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R. Beard, T. McLain,

Princeton University Press, 2012

Small Unmanned Aircraft: Theory and Practice: Supplement

*Supplemental material is currently under construction. It will be regularly updated during Winter 2019. This file is preliminary and has not been carefully proof read.*

*
The following lecture materials are included as a resource for instructors. The slides closely follow the book. We welcome suggestions on how these slides might be improved. - RWB & TWM*

Chapter | PDF Slides | Powerpoint | Last Modified |
---|---|---|---|

Chapter 1 - Introduction | chap1.pdf | chap1.pptx | 9/10/2014 |

Chapter 2 - Coordinate Frames | chap2.pdf | chap2.pptx | 1/11/2019 |

Chapter 3 - Kinematics and Dynamics | chap3.pdf | chap3.pptx | 1/28/2020 |

Chapter 4 - Forces and Moments | chap4.pdf | chap4.pptx | 1/24/2020 |

Chapter 5 - Linear Design Models | chap5.pdf | chap5.pptx | 2/3/2020 |

Chapter 6 - Autopilot Design | chap6.pdf | chap6.pptx | 2/27/2020 |

Chapter 7 - Sensors | chap7.pdf | chap7.pptx | 2/19/2019 |

Chapter 8 - State Estimation | chap8.pdf | chap8.pptx | 2/28/2020 |

Chapter 9 - Nonlinear Design Models | chap9.pdf | chap9.pptx | 11/4/2014 |

Chapter 10 - Waypoint and Orbit Following | chap10.pdf | chap10.pptx | 3/25/2020 |

Chapter 11 - Path Manager | chap11.pdf | chap11.pptx | 03/30/2020 |

Chapter 12 - Path Planning | chap12.pdf | chap12.pptx | 04/03/2017 |

Chapter 13 - Cameras | chap13.pdf | chap13.pptx | 04/10/2017 |

*
The following files are included to help students with the project outlined in the book. We have found that if students start with these files, that they can generally do the project in about 3 hours per chapter. Full solutions to the project are available to instructors upon request. We respectfully ask that students and instructors do not post full solutions to the project anywhere on the web. The project creates an excellent learning experience and we believe that anyone who works the project for themselves will be much better equipped to make contributions to the state of the art in small unmanned air vehicles. - RWB & TWM*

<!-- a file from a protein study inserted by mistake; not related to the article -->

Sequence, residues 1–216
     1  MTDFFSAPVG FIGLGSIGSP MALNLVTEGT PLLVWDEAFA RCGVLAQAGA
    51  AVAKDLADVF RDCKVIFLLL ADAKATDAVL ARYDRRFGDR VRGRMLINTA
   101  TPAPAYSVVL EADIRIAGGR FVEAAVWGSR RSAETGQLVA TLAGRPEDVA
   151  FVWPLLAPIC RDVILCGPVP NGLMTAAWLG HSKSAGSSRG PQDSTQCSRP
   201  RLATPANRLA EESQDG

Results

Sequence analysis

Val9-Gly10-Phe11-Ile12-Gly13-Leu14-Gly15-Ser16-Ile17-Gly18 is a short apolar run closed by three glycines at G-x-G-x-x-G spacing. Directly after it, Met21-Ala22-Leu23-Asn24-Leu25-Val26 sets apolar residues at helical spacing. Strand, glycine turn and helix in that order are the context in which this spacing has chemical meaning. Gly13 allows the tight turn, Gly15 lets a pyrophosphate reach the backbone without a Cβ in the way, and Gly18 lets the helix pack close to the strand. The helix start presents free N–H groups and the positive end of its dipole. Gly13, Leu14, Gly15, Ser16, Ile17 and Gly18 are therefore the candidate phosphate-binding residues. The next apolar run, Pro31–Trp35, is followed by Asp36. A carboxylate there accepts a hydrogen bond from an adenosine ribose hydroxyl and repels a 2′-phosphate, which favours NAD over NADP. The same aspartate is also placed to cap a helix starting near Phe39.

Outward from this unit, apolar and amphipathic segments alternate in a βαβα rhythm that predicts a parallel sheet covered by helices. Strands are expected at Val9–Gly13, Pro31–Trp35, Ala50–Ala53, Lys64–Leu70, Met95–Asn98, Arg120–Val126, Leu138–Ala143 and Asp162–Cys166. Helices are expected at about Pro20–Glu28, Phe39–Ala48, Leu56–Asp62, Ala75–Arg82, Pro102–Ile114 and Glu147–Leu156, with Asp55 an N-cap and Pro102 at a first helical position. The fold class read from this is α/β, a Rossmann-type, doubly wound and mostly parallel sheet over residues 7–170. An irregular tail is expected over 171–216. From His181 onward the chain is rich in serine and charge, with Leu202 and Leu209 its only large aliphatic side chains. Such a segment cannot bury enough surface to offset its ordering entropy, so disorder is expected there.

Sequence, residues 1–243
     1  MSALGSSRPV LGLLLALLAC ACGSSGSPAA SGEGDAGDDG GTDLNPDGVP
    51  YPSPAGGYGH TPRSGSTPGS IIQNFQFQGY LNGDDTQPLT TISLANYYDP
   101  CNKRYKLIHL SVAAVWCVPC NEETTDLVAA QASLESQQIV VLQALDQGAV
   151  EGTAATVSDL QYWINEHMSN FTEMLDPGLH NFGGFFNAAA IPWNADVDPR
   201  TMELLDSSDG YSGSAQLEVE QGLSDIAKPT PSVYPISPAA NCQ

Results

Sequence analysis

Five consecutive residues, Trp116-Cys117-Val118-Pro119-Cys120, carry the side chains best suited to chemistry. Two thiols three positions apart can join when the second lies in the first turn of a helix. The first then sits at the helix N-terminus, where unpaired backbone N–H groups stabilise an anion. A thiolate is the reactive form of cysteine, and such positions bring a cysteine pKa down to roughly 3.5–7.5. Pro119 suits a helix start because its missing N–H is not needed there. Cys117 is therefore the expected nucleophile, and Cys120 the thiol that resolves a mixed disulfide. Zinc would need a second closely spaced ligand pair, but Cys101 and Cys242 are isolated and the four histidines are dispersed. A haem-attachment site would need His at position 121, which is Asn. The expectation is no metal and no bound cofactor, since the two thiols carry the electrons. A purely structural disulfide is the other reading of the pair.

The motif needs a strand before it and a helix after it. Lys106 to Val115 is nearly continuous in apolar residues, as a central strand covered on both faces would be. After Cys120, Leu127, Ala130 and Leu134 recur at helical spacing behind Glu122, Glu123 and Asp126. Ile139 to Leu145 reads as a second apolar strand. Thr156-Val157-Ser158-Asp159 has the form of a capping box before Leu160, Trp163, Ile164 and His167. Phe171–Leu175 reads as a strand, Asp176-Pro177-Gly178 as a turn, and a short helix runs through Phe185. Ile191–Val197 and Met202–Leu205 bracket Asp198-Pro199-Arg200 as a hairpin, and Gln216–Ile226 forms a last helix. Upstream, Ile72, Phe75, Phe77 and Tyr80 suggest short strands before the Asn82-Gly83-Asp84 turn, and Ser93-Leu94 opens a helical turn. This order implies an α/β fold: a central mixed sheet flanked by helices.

The template files for Simulink, Matlab OOP, and Python are available at the following github repository:

https://magiccvs.byu.edu/gitlab/uavbook/mavsim_template_files

- There are some issues with the Zagi coefficients given in the book. We recommend that you use the following (slightly modified from the book) coefficients for the aerosonde aircraft. aerosonde.m
- For the Aerosonde model use an initial speed of Va = 35 m/s, and and radius of 250 meters.
- Additional information: The Aerosonde weight is actually 25kg. Also, the cruise speed is approximately Va=35 m/s.

YouTube video showing solution for Chapter 2.

YouTube video showing solution for Chapter 3.

YouTube video showing solution for Chapter 4.

YouTube video showing solution for Chapter 5.

YouTube video showing solution for Chapter 6.

Screen shot of estimation results

YouTube video showing solution for Chapter 10.

YouTube video showing solution for Chapter 11.

YouTube video showing solution for Chapter 12.

*
As you find typos and errors in the book, please send us an email. We will post the errors on this page and work with Princeton University Press to ensure that they do not propagate to future printings. - RWB & TWM
*

All corrections and additions in the supplement will be incorporated into a future second edition of the book.

*Our intention is to occasionally add supplemental material to this page. We would also welcome contributions from the broader community. If you are interested in adding material, please contact the authors. *

**Full Longitudinal State Direct and Indirect Kalman Filter**- The Kalman filters presented in the book are meant to be tutorial and are intended for aircraft with very limited processors. Estimating the full state using all available sensors is a much better approach. There are two methods for constructing the Kalman filter: direct state estimation, and indirect state estimation. The following pdf and Simulink model describes and implements both filters for the full longitudinal state. You will note from the simulation, that this method works much better than that described in the book.